In today’s digital world, email is one of the main ways we contact each other. 14 years ago, Congress signed a set of rules called the CAN-SPAM Act designed to protect consumer privacy and limit the amount and type of unsolicited marketing messages they receive. This could also be applied to text messaging. Along with the guidelines set, financial penalties were also applied for those who don’t follow the rules. Recently, the Federal Trade Commission (FTC) has decided to review this act and audit its effectiveness, compliance costs, and need for amendment to reflect socioeconomic and technology changes1.
While there is debate about the current law’s effectiveness, one thing is clear – stricter rules for email use could prove to be a step in a positive direction when it comes to protecting against email phishing, malware, and improving overall cybersecurity.
Spam are those junk emails that clog up your inbox that including offers, bonuses, or unwanted sales emails. CAN-SPAM sets rules by establishing requirements for spam mail that provides an opt-out for recipients and breaks down the penalties involved for violations2. Critics believe that although this act has good intentions, it was not made in a way that actually prevents commercial emails and enforces the regulations.
The FTC has stated they are currently accepting feedback from any interested parties to provide insight on the efficiency, costs, benefits and regulatory impact of CAN-SPAM. If you would like to contribute to this, you can find the form here.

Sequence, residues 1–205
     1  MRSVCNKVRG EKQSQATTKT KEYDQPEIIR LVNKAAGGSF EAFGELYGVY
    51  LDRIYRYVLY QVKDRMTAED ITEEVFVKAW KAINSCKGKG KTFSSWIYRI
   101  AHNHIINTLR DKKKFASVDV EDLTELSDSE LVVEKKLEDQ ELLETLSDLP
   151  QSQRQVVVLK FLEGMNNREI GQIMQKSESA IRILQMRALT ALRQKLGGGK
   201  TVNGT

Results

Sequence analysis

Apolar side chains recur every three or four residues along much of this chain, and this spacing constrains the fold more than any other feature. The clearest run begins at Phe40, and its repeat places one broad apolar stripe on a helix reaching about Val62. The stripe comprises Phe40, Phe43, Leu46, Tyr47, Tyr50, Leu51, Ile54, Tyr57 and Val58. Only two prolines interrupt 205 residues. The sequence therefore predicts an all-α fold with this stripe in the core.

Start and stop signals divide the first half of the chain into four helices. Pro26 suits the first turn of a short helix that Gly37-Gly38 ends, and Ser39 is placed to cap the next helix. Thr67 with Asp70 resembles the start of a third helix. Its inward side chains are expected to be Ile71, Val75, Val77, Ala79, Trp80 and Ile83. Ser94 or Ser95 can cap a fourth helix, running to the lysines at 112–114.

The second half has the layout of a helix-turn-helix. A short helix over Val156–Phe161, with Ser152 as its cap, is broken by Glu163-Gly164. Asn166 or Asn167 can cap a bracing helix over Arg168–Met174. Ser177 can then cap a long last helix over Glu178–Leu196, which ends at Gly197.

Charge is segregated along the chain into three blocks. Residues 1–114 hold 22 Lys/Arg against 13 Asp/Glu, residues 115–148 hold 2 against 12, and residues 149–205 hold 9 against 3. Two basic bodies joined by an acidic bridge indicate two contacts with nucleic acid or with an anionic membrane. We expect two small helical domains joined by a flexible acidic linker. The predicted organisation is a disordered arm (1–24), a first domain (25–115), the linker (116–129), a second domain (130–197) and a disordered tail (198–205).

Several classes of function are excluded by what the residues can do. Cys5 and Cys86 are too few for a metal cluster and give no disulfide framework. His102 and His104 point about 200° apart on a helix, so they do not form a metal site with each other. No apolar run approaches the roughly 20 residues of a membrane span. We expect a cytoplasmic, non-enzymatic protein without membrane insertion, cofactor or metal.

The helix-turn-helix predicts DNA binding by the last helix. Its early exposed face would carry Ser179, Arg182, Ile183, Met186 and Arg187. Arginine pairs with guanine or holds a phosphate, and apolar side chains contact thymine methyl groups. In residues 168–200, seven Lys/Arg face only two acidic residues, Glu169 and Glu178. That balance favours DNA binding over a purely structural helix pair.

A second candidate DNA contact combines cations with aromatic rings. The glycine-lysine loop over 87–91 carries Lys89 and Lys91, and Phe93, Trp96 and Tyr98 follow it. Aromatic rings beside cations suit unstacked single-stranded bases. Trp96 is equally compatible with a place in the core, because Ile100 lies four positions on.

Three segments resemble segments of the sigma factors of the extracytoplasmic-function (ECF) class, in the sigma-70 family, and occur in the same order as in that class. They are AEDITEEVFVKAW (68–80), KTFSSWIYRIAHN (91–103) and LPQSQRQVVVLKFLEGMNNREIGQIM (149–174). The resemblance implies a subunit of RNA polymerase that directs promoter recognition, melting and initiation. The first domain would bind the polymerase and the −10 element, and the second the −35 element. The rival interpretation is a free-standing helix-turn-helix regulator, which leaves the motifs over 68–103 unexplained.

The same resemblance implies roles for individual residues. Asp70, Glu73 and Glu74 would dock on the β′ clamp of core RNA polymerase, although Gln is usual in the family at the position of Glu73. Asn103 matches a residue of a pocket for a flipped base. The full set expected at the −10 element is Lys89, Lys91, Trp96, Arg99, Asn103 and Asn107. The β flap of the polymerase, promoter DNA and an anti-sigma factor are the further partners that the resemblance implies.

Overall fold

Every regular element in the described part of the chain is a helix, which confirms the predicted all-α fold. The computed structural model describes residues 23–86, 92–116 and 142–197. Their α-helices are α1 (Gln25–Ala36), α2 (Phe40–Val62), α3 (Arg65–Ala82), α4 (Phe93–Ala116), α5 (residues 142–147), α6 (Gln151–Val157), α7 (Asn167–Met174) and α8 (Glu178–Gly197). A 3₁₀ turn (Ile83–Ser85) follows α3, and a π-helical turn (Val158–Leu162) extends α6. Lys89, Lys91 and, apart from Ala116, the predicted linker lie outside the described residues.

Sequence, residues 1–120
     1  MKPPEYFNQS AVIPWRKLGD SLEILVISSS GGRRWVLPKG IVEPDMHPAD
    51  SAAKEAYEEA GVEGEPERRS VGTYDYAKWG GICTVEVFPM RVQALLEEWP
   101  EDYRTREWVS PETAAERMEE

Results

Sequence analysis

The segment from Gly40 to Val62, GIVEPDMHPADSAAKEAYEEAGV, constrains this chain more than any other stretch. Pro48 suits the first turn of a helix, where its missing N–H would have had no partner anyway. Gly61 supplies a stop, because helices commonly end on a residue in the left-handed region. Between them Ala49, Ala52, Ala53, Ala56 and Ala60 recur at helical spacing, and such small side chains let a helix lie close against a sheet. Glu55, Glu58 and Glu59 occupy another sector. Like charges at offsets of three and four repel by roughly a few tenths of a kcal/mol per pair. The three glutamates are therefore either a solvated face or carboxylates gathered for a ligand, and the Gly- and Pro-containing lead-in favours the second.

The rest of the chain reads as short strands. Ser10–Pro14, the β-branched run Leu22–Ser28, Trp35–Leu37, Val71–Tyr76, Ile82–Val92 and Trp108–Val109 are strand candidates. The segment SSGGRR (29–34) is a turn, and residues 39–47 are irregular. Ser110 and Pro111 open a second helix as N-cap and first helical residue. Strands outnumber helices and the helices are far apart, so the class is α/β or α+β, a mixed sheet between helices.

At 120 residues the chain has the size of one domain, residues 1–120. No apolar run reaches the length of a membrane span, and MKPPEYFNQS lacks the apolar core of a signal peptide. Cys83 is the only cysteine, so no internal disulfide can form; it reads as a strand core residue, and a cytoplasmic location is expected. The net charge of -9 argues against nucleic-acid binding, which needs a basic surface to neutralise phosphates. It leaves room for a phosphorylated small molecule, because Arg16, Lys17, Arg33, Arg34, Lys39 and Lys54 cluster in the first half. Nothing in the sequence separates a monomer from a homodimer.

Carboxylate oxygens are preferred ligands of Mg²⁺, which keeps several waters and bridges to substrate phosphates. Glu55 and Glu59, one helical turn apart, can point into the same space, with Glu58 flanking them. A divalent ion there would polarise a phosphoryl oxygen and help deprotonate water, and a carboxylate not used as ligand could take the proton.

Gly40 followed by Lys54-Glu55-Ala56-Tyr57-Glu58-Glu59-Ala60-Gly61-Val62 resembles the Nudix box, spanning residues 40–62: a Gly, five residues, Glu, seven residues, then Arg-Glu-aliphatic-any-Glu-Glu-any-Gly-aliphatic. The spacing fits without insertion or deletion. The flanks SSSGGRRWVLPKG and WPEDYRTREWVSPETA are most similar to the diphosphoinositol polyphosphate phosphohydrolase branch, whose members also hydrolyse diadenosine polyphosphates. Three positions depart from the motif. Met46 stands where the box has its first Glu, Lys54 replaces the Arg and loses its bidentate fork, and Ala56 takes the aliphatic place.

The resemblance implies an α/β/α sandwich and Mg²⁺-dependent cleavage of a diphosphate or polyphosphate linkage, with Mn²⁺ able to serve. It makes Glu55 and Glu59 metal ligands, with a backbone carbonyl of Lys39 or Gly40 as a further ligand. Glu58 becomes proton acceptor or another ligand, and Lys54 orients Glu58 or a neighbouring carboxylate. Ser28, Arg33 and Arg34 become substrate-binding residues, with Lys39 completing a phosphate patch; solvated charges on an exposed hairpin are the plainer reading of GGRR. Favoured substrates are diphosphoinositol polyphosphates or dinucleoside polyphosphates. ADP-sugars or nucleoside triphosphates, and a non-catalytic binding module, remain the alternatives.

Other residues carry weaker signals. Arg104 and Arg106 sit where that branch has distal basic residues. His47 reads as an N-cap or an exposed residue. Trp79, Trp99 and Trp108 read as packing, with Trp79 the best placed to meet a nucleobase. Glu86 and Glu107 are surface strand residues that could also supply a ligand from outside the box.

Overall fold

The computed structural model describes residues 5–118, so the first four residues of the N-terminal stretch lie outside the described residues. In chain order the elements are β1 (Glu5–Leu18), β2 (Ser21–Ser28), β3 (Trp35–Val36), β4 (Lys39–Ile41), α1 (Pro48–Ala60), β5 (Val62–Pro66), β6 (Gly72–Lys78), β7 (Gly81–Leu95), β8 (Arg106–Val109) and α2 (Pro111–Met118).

What does this mean for you?
It is estimated that 65% of all emails sent today are spammy in nature1. Many times, this comes in the form of phishing, which is the fraudulent practice of sending emails pretending to be well-known businesses to entice individuals to reveal personal information.
Due to the high volume of spam emails many of us receive each day, taking a proactive approach to email safety is necessary to keep you and your computer safe. The FTC recommends many email safety tips including:
- using an email filter
- limiting your exposure by creating two different email addresses: 1 for personal – 1 for shopping
- choosing a unique email name3
Proactively protecting your computers from hackers will not only protect you, but also fellow citizens. A better protected environment makes it harder for hackers to install malware (hidden software) and control computers remotely (a technique hackers often use to send even more spam). You can take simple steps to protect your device, such as disconnecting from the internet while you are away from the computer, being cautious before opening random attachments and files, and avoiding downloading free software from untrusted sites.
Making the world a Safer Place
The cyber war impacts us all, worldwide. It is important to always stay informed about what you can do to keep yourself safe from spammers, hackers, and phishing. Take a moment to provide your feedback to the FTC and let them know how spam has impacted you. It is one step in the fight against cyber crime.
1 Soule, A. (2017, June 22). Feds Crack Open CAN-SPAM Act Anew. Retrieved July 5, 2017, from: http://www.thehour.com/business/article/Feds-crack-open-CAN-SPAM-Act-anew-11239727.php
2 CAN-SPAM Act: A Compliance Guide for Business. (2009, September). Retrieved July 5, 2017, from https://www.ftc.gov/tips-advice/business-center/guidance/can-spam-act-compliance-guide-business
3 Federal Trade Commission: Privacy, Identity & Online Security: Limiting Unwanted Calls and Emails. Retrieved July 14, 2017 from https://www.consumer.ftc.gov/articles/0038-spam